Research reveals 35,000 people undiagnosed with dementia due to impact of the pandemic
35,000 people with dementia undiagnosed due to the pandemic
A new report from Future Health (FH-Dementia-Report-Hi-Res), a specialist public policy research centre, reveals the extent of the pandemic impact on dementia diagnosis rates in England. The report has been covered by the Sunday Express.
Prior to Covid-19 the Government was meeting its target of diagnosing two thirds of people with dementia receiving a diagnosis. But since 2020 this rate has dropped back to closer to 6 in 10. This fall means that thousands of people with dementia are not receiving a diagnosis and accessing the care and support they need.
The latest data show that 700,000 people in England are estimated to have dementia, but just 430,000 (62%) are receiving a diagnosis. If the Government target of two thirds was being met, an additional 35,000 people would be diagnosed.
The report, supported by Roche, also reveals a postcode lottery in dementia diagnosis rates across England. Whilst two regions London and the North West are meeting the two thirds target, the remaining five regions are not with the South West performing worst with just 57% diagnosed. The East of England also has a diagnosis rate below 60% (59.4%). If the Government two thirds target was being met, 8,300 more people in the South West and 6,700 more people in the East of England would be diagnosed.
The report also sets out the scale of the dementia challenge facing new Integrated Care Systems (ICSs). The 42 new systems became statutory leads for planning and delivering services in July last year. The research finds that:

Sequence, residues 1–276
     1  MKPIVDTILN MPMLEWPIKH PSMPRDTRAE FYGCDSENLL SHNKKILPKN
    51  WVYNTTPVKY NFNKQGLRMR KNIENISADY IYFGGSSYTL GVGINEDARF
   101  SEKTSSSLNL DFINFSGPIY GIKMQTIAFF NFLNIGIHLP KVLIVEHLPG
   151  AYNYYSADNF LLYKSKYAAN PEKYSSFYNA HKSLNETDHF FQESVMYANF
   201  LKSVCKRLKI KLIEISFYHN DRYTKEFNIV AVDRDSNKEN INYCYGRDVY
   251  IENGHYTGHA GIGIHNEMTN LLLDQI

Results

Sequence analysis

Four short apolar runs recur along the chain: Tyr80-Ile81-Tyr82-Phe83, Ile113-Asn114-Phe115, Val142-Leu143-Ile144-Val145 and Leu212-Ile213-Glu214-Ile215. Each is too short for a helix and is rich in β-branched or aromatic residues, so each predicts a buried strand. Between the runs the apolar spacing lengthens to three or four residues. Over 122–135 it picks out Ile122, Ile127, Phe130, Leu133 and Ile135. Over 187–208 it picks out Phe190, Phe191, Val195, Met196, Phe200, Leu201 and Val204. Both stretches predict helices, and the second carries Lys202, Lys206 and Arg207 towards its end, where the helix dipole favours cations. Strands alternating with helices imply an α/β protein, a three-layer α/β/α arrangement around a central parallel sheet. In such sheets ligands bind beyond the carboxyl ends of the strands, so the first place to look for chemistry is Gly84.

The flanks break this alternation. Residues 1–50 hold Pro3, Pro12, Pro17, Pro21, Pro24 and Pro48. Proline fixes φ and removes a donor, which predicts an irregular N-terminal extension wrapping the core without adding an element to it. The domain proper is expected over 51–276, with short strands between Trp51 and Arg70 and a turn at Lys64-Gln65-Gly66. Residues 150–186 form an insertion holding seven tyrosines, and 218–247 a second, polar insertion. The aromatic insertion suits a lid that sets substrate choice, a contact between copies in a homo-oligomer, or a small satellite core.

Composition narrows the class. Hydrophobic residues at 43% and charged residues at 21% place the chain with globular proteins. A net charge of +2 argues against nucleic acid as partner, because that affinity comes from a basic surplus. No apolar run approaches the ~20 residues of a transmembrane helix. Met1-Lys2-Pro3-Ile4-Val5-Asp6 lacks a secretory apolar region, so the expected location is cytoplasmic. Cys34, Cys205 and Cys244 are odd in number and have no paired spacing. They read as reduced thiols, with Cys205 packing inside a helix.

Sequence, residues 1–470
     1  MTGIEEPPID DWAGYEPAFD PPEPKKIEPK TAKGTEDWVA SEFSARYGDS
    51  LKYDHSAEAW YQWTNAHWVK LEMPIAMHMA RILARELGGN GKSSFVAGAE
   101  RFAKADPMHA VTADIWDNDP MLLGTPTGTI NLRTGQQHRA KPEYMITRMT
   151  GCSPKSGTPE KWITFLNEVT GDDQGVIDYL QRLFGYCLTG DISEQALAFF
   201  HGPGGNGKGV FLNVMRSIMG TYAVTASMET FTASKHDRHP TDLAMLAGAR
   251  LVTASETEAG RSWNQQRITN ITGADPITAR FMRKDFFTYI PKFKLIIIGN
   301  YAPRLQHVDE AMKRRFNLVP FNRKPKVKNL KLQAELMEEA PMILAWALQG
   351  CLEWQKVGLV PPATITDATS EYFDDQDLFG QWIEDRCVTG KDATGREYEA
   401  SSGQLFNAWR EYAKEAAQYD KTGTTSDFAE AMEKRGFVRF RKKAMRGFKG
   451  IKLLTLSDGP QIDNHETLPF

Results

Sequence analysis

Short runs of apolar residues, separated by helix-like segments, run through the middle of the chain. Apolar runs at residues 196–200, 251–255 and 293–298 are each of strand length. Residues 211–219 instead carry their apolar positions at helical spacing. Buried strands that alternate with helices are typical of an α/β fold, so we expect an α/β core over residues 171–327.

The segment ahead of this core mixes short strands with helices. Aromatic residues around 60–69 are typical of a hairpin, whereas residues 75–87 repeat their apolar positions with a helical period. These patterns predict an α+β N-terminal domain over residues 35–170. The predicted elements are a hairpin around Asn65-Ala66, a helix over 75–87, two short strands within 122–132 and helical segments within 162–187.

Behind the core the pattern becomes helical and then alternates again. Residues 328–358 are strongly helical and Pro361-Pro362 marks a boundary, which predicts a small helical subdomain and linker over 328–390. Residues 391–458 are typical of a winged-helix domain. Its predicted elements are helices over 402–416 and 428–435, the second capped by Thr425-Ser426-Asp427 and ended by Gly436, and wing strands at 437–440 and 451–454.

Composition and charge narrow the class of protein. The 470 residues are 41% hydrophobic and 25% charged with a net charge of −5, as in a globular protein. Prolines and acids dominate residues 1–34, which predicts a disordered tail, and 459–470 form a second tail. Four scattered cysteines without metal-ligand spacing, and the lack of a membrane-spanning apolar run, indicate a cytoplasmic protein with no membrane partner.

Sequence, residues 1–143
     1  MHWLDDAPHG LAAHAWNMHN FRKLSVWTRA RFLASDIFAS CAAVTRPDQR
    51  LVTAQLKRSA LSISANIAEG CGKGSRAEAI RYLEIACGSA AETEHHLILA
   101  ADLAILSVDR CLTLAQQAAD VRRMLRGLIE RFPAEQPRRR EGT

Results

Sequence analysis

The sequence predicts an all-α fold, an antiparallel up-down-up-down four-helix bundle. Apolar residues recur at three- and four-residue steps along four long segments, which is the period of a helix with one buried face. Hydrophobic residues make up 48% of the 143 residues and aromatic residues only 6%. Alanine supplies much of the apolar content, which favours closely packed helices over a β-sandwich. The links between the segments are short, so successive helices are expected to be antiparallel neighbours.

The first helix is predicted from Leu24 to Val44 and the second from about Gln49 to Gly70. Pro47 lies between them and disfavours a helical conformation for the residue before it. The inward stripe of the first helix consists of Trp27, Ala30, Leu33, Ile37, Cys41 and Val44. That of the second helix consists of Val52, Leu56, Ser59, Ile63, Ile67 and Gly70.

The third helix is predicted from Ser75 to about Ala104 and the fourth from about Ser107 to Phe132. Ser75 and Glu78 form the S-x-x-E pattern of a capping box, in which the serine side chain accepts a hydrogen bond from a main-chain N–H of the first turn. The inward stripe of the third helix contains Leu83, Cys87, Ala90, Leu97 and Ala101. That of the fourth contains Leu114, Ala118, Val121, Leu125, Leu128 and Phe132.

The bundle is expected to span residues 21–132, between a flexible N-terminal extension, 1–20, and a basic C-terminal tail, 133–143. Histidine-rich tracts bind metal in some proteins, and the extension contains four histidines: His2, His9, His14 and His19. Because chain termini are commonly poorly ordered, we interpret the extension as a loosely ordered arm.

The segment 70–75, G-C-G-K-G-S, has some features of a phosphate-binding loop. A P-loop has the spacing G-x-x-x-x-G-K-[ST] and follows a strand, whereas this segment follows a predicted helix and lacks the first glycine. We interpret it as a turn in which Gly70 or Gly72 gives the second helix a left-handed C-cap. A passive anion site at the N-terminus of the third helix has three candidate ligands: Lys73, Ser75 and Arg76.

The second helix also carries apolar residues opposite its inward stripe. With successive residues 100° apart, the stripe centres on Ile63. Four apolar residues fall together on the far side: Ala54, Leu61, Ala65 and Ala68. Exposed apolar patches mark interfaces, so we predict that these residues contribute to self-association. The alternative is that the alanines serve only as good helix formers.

- Only 8 of 42 ICSs (19%) are meeting the two thirds diagnosis target
- Of the six areas with the highest diagnosis rate, three are in London (South West London, 70.5%; South East London, 69%; North Central London, 68.8%)
- Of the six areas with the lowest diagnosis rates, five are in the West or South West of England (Herefordshire and Worcestershire, 51.9%; Somerset, 52.7%; Cornwall, 54.6%; Devon, 55.4%; Dorset, 55.8%)
- The ICS with the highest diagnosis rate is South West London ICS (70.5%). Herefordshire and Worcestershire ICS has the lowest rate (51.9%)
- There is a 18.6% difference between the system with the highest diagnosis rate (South West London ICS) and the lowest (Herefordshire and Worcestershire ICS)
The report calls for new Integrated Care Systems to appoint specific dementia leads, new incentives in primary care and for Government and the NHS to set out a clear plan for recovering diagnosis rates.
The report also calls for better data in calculating dementia diagnosis rates. An updated study on dementia published in the Lancet in 2020 found that around 40% of dementia cases worldwide might be attributable to 12 potentially modifiable risk factors such as diabetes, obesity, smoking and blood pressure. The report argues that applying these population health indicators to dementia diagnosis rates would provide a more accurate baseline of performance and support the more effective deployment of NHS resources.
The publication of the report follows the handing in of a petition from the Alzheimer’s Society to the Prime Minister calling on the Government to publish its delayed ten year dementia plan.
Richard Sloggett, Programme Director at the Future Health Research Centre and report author said: “The pandemic has had a devastating impact on dementia diagnosis rates with 35,000 missed diagnoses. Whilst a small number of services are meeting the two thirds target many are struggling with widespread regional variation in performance. With the number of people with dementia increasing and growing cost impacts on the NHS and social care, now is the time for the Government to bring forward new action to improve diagnosis rates and get people the care and support they need.”